Sea­sonal check list as au­tumn ar­rives

The Press and Journal (Inverness) - - YOUR HOME - Jim McColl

As soon as a par­tic­u­lar sea­sonal com­ment is made in my hor­ti­cul­tural world there is a stream of ad­di­tional ques­tions to be an­swered.

On this oc­ca­sion, round the ta­ble with a few chums, the point at is­sue was what’s to be done with all the green, un­ripe toma­toes still hang­ing on the plants!

I set about this very task last week, re­mov­ing the green fruits be­fore dump­ing the plants. They were taken off and placed on seed trays which I left sit­ting on the green­house shelf. Each tray was cov­ered with a plas­tic dome but al­low­ing a small amount of ven­ti­la­tion.

“Aye, but when they are picked too early and ripened like ‘at’ they dinna taste the same – jist like the pro­duce fae the Mediter­ranean. It’s picked ower early, stuck in spe­cial tem­per­a­ture con­trolled vans for trans­port thoosans o’ miles!”

That was fol­lowed by rem­i­nis­cences of fam­ily life years ago. “I’m sure my Grannie used to put the green toma­toes in a drawer where they would ripen slowly” or “I think my Mother put green toma­toes in a plas­tic bag with a ripe ba­nana to make them ripen”. There is a bit of truth in the old meth­ods and that’s where the sci­ence comes in. The ‘agent’ in­volved in the process is eth­yl­ene gas.

Fruits gen­er­ate eth­yl­ene gas as they ripen. It is a nat­u­ral plant hormone which speeds up the ripen­ing process. When you put the green to­mato fruits in an en­closed space i.e. a li­nen drawer or some such, the con­cen­tra­tion of eth­yl­ene will in­crease and so cause the ma­ture fruits to turn red. It is what we re­fer to as ripen­ing!

Sim­i­larly, putting a ripe ba­nana in a closed poly bag along with un­ripe toma­toes will ‘do the busi­ness’ be­cause the ba­nana will also give off eth­yl­ene gas from the skin.

In a wider con­text, the gas, con­verted to liq­uid is used on com­mer­cial crops, like bush toma­toes be­ing grown for pro­cess­ing.

Sprayed on at a key stage, all the ma­ture fruits on the plants will ripen at the same time, al­low­ing the crop to be com­bine har­vested. I have used the tech­nique on a com­mer­cial glasshouse to­mato crop at the end of the sea­son to achieve one last pick be­fore pulling the plants out! It was stan­dard prac­tice at one time.

An­other end of sea­son task re­lates to re­mov­ing the sum­mer bed­ding plants whether it be from gar­den border, bas­kets, tubs or other con­tain­ers and the ques­tion which many ask is what to do with the ex­hausted com­post from con­tain­ers.

An­nual plants are gen­er­ally shaken free and con­signed to the com­post heap. Plants in con­tain­ers may be treated just the same and the com­post from con­tain­ers re­tained for fur­ther use. Some of you may have seen the Beech­grove Gar­den visit I made to Car­luke to see a gar­den with be­go­nias, be­go­nias and more be­go­nias – in the ground, in hang­ing bas­kets and in huge con­tain­ers.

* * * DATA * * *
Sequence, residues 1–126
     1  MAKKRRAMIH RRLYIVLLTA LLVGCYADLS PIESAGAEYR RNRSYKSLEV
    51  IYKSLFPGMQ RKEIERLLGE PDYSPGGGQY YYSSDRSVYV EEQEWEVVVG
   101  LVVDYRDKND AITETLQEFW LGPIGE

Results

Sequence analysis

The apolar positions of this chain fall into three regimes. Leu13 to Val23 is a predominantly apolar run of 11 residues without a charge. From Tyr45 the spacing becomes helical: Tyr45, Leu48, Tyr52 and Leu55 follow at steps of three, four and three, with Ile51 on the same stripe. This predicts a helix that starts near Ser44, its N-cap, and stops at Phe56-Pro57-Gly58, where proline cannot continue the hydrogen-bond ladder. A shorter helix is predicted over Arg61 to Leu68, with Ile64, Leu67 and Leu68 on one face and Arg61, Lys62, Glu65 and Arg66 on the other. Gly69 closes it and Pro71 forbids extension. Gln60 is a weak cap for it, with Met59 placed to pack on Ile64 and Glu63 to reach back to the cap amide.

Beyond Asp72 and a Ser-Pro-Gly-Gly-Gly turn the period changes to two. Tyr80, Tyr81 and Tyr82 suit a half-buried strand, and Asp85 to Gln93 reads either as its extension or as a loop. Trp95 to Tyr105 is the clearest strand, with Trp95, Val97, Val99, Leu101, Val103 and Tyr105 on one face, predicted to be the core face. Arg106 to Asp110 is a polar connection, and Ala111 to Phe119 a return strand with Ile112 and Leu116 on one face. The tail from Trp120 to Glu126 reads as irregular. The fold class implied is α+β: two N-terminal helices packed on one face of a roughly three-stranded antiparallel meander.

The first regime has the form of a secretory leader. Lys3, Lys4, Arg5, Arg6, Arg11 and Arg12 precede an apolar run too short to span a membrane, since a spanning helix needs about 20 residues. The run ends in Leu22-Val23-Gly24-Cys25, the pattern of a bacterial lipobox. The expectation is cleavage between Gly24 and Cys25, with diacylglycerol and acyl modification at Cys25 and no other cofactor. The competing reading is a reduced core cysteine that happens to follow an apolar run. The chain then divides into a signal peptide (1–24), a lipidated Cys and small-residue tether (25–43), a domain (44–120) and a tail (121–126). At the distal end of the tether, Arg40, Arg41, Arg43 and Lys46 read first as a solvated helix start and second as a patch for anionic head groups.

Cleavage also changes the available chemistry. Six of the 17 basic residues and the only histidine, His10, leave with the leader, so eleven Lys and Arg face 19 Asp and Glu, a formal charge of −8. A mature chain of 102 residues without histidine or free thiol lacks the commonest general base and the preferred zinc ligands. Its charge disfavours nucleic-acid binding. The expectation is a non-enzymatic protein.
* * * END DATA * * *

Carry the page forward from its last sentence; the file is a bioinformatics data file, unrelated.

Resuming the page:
“Do you use fresh com­post in these huge pots every year?” says I, to which the re­ply was: “No, I leave most of it in the con­tain­ers, re­fresh­ing it every year with new com­post as re­quired. Many of you will be re-plant­ing con­tain­ers now, with polyan­thus, vi­o­las, pan­sies, myoso­tis, wall­flower and bulbs. Be as­sured that you only need to add enough new com­post to make up the lev­els.”

“Aha, but do I need to empty the con­tain­ers com­pletely to mix the fresh in with the old com­post?” See what I mean, an­swer one ques­tion and it im­me­di­ately leads to an­other! The an­swer is in the af­fir­ma­tive, it al­lows you to check out the drainage in the bot­tom AND mix in a hand­ful of slow-re­lease fer­tiliser such as bone meal be­fore fill­ing the con­tainer again.

Fi­nally, yet an­other reg­u­lar ques­tion – is it OK to save seed from the veg­eta­bles and flow­ers that we grow? Of course it is, many peo­ple do this on a reg­u­lar ba­sis and get a great deal of sat­is­fac­tion from grow­ing their own for real! Then comes an­other re­lated ques­tion – I tried this two years ago, sowed the seed last year and was very dis­ap­pointed with the out­come. The plants were just not the same.

The most likely an­swer to the sec­ond ques­tion goes like this – suc­cess from seed sav­ing will be achieved be­cause the plants in ques­tion were from a sim­ple, sta­ble true breed­ing line. The un­suc­cess­ful out­come of the sec­ond ques­tion re­sulted from sav­ing seed from plants which carry the F1 suf­fix. This is a hy­brid cross be­tween two dif­fer­ent ‘true breed­ing lines’ and to pro­duce new seeds each year. These orig­i­nal crosses have to be made afresh every time (hence the cost of F1 hy­brid seed is dearer). Plants grown from seed taken from F1 hy­brid plants are F2s (the sec­ond fil­ial gen­er­a­tion) when the char­ac­ter­is­tics be­come to­tally mud­dled!

Un­ripe toma­toes still hang­ing on the plant

Be­go­nias, be­go­nias and more be­go­nias

Un­ripe toma­toes can of­ten be ripened by group­ing with fruit that is al­ready ripe

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